Voting Rights CLE To Carry on Dr. King's Fight
On August 6, we will celebrate the 50th anniversary of the Voting Rights Act of 1965. The Act passed both the House (328–74) and the Senate (79–18) by overwhelming margins.
Almost immediately South Carolina challenged the constitutionality of the Act, but in South Carolina v. Katzenbach, 383 U.S. 301 (1966), the Supreme Court upheld it. After examining the Act's voluminous legislative history, the Warren Court concluded that in enacting the law Congress had simply recognized that "an insidious and pervasive evil ... had been perpetuated in certain parts of our country through unremitting and ingenious defiance of the Constitution," and that legislation was needed to provide a remedy for deliberate violations of the Fifteenth Amendment guarantee that a citizen's right to vote "shall not be denied or abridged ... on account of race, color, or previous condition of servitude."
The Supreme Court noted that laws requiring literacy tests, property qualifications or "good character" tests were specifically designed to keep blacks from voting, and that the laws imposing these requirements were not equally enforced. Because efforts to invalidate these laws had "done little to cure the problem of voting discrimination," Congress enacted the Voting Rights Act.
But as the French say, the more things change, the more things stay the same. Literacy and "understanding" tests are a thing of the past, but "anti-fraud" identification laws and other practices have been proliferating rapidly in the past two or three years. Janai Nelson, deputy director of the NAACP Legal Defense & Education Fund, this year's speaker at KCBA's Dr. Martin Luther King, Jr. Luncheon warned that a new wave of assaults on voting rights has already begun.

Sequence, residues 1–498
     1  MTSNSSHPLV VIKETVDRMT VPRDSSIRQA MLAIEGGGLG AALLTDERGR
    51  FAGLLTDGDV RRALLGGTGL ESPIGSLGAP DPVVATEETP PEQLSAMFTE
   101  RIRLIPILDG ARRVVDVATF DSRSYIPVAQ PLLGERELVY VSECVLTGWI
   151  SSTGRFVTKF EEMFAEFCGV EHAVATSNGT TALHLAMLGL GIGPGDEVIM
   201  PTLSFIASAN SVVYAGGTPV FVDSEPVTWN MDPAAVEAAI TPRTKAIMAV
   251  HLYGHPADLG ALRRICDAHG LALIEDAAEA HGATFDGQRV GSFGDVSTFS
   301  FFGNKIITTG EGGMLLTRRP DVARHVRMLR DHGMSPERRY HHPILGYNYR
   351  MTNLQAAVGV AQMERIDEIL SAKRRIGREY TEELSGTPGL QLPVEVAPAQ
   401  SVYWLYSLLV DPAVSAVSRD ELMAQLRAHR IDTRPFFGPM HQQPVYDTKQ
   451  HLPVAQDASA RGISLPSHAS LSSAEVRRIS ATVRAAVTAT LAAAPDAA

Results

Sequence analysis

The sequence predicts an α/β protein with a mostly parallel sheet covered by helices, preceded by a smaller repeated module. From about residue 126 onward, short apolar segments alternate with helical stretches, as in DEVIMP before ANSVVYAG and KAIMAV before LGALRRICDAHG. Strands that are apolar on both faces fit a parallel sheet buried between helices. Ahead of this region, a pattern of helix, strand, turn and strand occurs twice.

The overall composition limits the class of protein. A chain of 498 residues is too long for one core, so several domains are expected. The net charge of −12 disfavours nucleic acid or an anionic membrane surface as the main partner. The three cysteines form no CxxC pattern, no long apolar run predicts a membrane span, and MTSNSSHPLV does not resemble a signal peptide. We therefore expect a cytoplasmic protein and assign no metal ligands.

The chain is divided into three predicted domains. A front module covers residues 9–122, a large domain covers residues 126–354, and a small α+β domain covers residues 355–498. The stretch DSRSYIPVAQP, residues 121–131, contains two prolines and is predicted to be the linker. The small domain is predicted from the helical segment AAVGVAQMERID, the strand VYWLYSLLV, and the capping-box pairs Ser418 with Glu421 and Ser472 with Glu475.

In Shelby County v. Holder, 570 U.S. ___ (2013), the Supreme Court held that one of the provisions of the Voting Rights Act was no longer constitutional. The Court struck down the pre-clearance requirement of section 4 of the Act, which prevented certain types of laws from taking effect without the permission of the attorney general. It now remains to be seen whether Section 2 of the Act will suffice to strike down the spate of recently enacted voter identification laws that threaten to prevent the free exercise of the right to vote.
Believing that our commitment to the principles that Dr. King fought for should lead us to use our legal skills to continue to oppose threats to voter freedom, the MLK Luncheon Committee has organized a CLE dedicated to teaching lawyers how to litigate voting rights cases, oppose discriminatory legal devices that make voting more difficult or impossible, and extend voter freedom to those who face obstacles to exercising the right to vote.
The half-day CLE, scheduled for April 10, will cover both state and federal law. Speakers will address developments in cases likely to wind up in the U.S. Supreme Court and cases that have been litigated right here at home in Washington. The lawyers who recently successfully challenged Yakima's "at-large" voting districts will explain how they succeeded and what challenges lie ahead. Other presentations will discuss the ongoing effort to secure passage of a Washington State Voting Rights Act, state constitutional challenges that might be made to obstacles to voting and campaigning, and the threat to voter equality posed by legislative redistricting.
It may appear that threats to voter freedom are largely concentrated in other parts of the country. But as Dr. King wrote in his Letter from a Birmingham Jail, "I am cognizant of the interrelatedness of all communities and states. I cannot sit idly by in Atlanta and not be concerned about what happens in Birmingham. Injustice anywhere is a threat to justice everywhere."
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